Which Wheel Size is Right For You?

Biking a scenic trail. Mountain biking
Jordan Siemens/The Image Bank/Getty Images

While 26-inch wheels are still considered the “standard” for mountain bikes, 29-inch wheels are fast on their heels. And right behind those big 29ers are wheels of yet another size. Sometimes referred to as 650B, the 27.5-inch wheel fits right in between the 26- and 29-inch offerings. So which wheel size is right for you? Consider the following pros and cons of each, and decide which size to test-drive first.

After all, the best way to test a bike technology is to take it for a ride. 

26-Inch Wheels

Long considered the standard wheel size in the mountain bike industry, 26 inches is likely the size of the wheels you have on your mountain bike now, unless you actively sought out something different.

The advantages: 26-inch wheels offer unmatched maneuverability. Why? Because virtually all advancements in mountain bike geometry and technology have been modeled off of 26-inch wheels. The 26-inch-wheel bike has been evolving for many, many years and because of that, its front-center/rear-center balance is ideal. It also offers a slightly shorter wheel base and has a lower center of gravity than bikes with larger wheels, making it nimbler in tight turns. Smaller wheels also accelerate more quickly because the wheel's rotational mass--basically the weight of the wheel--is closer to the hub. 

The disadvantages: The speedy acceleration of small wheels has a flip side: greater rolling resistance.

That means they don't roll as efficiently or maintain momentum as well as larger wheel once you're up to speed. Smaller wheels have a harder time going over obstacles. They also don't have as much contact with the ground, which means less traction. Some cyclists believe that larger wheels represent an evolutionary change in cycling.

Mountain bikes started out with 26-inch wheels because that's what most full-size bikes had in those days. But as mountain biking has matured over the years, it might be looking to larger wheels as a better mousetrap. 

29-Inch Wheels

Gaining major momentum, 29-inch-wheels are expected to become the prevailing wheel size for most mountain bikes with 5 inches of travel or less.

The advantages: Bikes with 29-inch wheels—commonly called “29ers”—can ride over anything. OK, maybe not everything, but it sure feels like it! I’ve marveled in disbelief after riding over logs and other obstacles that slow me down or stop me in my tracks on my 26-inch steed. Wondering how? The obstacle hits the rim of the 29er at a lower point, making it easier to roll up and over. Other advantages include maintained momentum, reduced rolling resistance and increased stability from a longer wheelbase.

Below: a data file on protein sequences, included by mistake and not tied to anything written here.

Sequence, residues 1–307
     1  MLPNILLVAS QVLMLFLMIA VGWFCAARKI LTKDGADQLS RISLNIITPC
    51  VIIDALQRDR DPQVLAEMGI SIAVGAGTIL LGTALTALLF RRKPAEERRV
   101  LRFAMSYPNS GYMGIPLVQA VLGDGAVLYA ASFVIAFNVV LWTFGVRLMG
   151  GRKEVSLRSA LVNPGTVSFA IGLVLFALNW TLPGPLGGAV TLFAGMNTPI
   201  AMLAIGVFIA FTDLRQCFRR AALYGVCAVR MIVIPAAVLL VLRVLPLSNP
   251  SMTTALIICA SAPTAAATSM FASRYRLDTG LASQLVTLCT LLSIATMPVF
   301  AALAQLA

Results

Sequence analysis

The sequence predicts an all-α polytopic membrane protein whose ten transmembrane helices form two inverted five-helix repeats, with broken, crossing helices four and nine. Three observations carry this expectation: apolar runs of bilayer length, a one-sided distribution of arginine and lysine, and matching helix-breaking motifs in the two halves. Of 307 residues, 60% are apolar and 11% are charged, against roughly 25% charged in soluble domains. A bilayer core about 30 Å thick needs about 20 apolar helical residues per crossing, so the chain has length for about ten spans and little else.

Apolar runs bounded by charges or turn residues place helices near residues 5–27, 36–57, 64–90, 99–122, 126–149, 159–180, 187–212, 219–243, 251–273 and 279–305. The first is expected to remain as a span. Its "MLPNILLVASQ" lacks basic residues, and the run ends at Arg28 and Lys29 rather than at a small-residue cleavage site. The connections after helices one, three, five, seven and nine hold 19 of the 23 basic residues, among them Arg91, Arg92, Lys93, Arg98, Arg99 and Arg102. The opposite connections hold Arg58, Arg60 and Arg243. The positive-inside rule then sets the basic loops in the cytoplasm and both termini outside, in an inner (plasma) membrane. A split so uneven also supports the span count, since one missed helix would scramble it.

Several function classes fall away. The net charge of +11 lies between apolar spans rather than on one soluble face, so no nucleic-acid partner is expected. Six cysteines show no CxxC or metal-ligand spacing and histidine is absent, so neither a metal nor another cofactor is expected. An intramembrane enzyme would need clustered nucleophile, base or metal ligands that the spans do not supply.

The disadvantages: Regrettably, that longer wheelbase also reduces the bike’s maneuverability. The chainstays on 29er need to be longer in order to fit a larger wheel on the frame. Longer chainstays result in not-so-ideal handling. Then there's the two-sided issue of greater rotational mass: larger wheels accelerate slower but maintain speed better.

 

27.5-Inch Wheels

Around for a long while, but largely ignored, the middle child of mountain bike wheels has people talking these days. As a wider selection of 27.5-specific components become available, the mountain biking industry—and the mountain bikers themselves—are taking notice.

The advantages: Advocates of 27.5-inch wheels—sometimes called 650B—state that they offer the same roll-over qualities as 29ers, without compromising maneuverability. They also allow shorter riders who might not feel comfortable on 29-inch wheels the chance to experience a bigger-sized wheel. What’s more, you can have longer travel than a 29er without compromising geometry.

The disadvantages: At the moment, there is a limited selection of tires, wheels and forks to pick from. In addition, some industry insiders don’t see 27.5-inch wheels offering a big enough performance benefit over 29-inch wheels to justify their rise in popularity.

The Bottom Line

So, what wheel size is best for you: 26-inch, 27.5-inch or 29-inch? To answer that question, you must take into consideration who you are as a rider, what terrain you ride on most often and what you want out of your bike. Another factor that might be a deal clincher or breaker is size: bikes with smaller wheels typically have a shorter standover height; larger wheels are a bit taller. If you're on the short side, you might feel more comfortable on a 26-inch machine. If you're tall or long-legged, a 29er might be just what you've been waiting for. Again, the right bike is all about feel. Give all three sizes some test rides and the answer will roll right over you. 

(Read about the newest wheel size, 27.5+, here.)